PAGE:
By Amulya Ganguli
The BJP has reasons to smile because of the election results. An outright win in Goa, a return to power in Punjab and a third position in U.P., pushing the Congress to the last slot, cannot but be satisfying at a time when the party is facing the “porngate” scandal and a defiant former chief minister in Karnataka and a sulking Narendra Modi in Gujarat. It might have won in Uttarakhand, too, if it had removed the tainted Ramesh Pokhriyal from the chief minister’s post early enough to enable B.C. Khanduri retrieve the lost ground.
Although the BJP benefitted from the follies of its opponents rather than any special effort of its own, what these results show is that the BJP’s position as the national alternative to the Congress remains unchanged. However, it started the campaign nervously as some of its moves in U.P. on the eve of the elections showed. While the induction of the former rebel, Uma Bharati, into the party was the first sign of its desperation to woo the backward castes, the second was the hasty manner in which it tried to accommodate another OBC, the former BSP minister, Babu Singh Kushwaha, despite the charges against him in the health mission scam.
Since the Kushwaha episode caused a mini-revolt in the party against its president, Nitin Gadkari, the latter had to tell the Koeri leader that his formal admission will be delayed. But, the incident, along with Modi’s refusal to campaign in U.P. or anywhere else, and Varun Gandhi’s jibe that the party had more than 50 chief ministers, indicated that all was not well with the BJP.
But, in the end, none of it mattered. Although the BJP’s tally of seats has dropped from 51 to 47, and its vote share from 19 per cent to 15, it will be happy to remain ahead of the Congress since, in U.P., the Congress’s discomfiture matters a great deal because it shows how the wind is blowing in the Hindi heartland. If the Congress’s failure to rise above the fourth slot is taken together with its defeat in Punjab and Goa, then the message from the electorate is that the party is in serious trouble.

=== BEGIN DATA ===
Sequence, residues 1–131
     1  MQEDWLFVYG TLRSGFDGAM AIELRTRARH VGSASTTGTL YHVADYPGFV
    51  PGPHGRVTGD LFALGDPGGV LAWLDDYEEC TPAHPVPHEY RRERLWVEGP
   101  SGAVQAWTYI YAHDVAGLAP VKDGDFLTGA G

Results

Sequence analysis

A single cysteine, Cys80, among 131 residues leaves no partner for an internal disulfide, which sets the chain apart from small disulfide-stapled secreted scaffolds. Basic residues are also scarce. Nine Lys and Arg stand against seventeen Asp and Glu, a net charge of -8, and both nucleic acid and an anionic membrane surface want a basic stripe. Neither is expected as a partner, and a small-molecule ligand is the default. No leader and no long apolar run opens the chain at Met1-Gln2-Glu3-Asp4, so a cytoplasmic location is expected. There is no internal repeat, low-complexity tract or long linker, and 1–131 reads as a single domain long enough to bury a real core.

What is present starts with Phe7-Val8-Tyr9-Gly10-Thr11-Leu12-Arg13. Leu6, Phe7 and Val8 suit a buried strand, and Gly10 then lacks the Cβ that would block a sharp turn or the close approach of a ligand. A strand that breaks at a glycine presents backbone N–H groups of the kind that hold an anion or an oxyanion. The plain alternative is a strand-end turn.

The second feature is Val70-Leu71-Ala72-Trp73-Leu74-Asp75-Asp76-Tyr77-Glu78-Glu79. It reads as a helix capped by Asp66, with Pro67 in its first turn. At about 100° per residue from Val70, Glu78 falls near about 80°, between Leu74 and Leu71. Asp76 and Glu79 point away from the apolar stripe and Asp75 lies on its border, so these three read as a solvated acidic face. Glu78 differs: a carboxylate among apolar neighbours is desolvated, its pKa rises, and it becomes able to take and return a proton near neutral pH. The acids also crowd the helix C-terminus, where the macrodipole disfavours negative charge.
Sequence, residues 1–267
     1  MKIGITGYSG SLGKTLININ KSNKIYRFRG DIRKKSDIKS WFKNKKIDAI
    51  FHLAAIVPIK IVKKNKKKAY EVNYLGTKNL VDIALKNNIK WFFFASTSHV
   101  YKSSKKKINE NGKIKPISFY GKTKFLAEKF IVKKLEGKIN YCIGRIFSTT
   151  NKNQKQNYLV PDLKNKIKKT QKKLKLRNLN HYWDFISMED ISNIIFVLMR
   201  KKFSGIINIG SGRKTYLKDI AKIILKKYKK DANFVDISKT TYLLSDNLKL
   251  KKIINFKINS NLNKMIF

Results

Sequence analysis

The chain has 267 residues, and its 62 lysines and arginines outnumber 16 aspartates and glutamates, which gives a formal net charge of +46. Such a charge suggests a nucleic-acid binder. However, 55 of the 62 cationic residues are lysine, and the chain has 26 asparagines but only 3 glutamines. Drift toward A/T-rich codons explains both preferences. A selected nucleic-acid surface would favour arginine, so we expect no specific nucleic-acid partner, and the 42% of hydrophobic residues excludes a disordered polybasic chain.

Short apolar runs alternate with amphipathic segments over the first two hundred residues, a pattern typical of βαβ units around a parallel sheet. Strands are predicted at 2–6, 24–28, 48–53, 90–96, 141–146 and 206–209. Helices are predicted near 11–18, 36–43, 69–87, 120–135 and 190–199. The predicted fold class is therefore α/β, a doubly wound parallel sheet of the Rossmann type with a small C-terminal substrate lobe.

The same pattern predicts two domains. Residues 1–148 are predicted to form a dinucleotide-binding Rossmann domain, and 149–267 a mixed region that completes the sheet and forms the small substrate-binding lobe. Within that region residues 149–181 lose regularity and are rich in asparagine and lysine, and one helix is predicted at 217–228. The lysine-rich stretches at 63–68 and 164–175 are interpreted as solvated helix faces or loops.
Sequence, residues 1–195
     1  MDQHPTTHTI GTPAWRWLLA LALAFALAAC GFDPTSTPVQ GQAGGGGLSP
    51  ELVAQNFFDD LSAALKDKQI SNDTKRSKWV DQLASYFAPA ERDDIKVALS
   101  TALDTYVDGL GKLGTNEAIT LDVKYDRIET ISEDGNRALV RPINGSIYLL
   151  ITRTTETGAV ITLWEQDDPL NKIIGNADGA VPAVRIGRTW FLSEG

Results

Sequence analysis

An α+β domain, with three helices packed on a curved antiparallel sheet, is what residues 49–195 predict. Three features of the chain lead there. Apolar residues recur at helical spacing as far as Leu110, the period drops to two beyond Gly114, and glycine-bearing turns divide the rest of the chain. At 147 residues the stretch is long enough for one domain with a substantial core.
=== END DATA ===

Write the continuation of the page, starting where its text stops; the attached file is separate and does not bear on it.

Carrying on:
This assessment will be music to the BJP’s ears because it means that the party can approach the general elections with considerable confidence. True, it has its own problems. For one, the question of the prime ministerial candidate remains open. At least four contenders appear to be in the queue – the never-say-die L.K. Advani, the grumpy Modi, and the two Delhi-based stalwarts – Arun Jaitley and Sushma Swaraj – who were pointedly ignored by the RSS when it chose Gadkari as the BJP president. It is obvious that the final choice will not be a smooth affair.
For another, there is no certainty that the NDA will remain in its present form as the general election approaches. It isn’t only that Nitish Kumar will walk out if there is an attempt to field Modi, no one knows how the Janata Dal (United) leader will respond to any overtures from Naveen Patnaik and other votaries of a new Third Front. However, factors such as the NDA’s durability would have aroused greater concern for the BJP if it had fared badly in the elections. But, with two victories under its belt, it will be on firmer footing.
The victories have also been a godsend to Gadkari. It is no secret that the portly Maharashtrian is regarded as a “provincial” (the term which Jaswant Singh used for for the former president, Rajnath Singh) by the more cosmopolitan among the BJP’s leaders. Gadkari is also gaffe-prone, as his description of Lalu Prasad Yadav and others as Sonia Gandhi’s canine followers and of Afzal Guru as the Congress’s son-in-law showed. He also tries to defend the indefensible, as could be seen from his attempts to save B.S. Yeddyurappa by saying that the former chief minister’s acts were only immoral and not illegal. The experiment with social engineering with Kushwaha would have also rebounded on him if the BJP fared poorly.
But, now that the BJP has survived the latest trial with relative ease, its next test will be to save the NDA. If it fails, then its chances of reaching the corridors of power at the centre are remote. To make matters worse, there is no one with Atal Behari Vajpayee’s wide appeal to sustain the NDA even if the BJP reiterates its dumping of the Hindu agenda – building the Ram temple, scrapping Article 370, introducing uniform civil code – as it did in 1996.
The BJP has an opportunity to undo the 2004 and 2009 verdicts considering that the Congress has lost its sense of direction because of the tug-of-war between Sonia Gandhi’s socialism and Manmohan Singh’s neo-liberalism. But, the BJP has no one with a broad, pan-Indian vision capable of utilizing the opportunity. (IPA)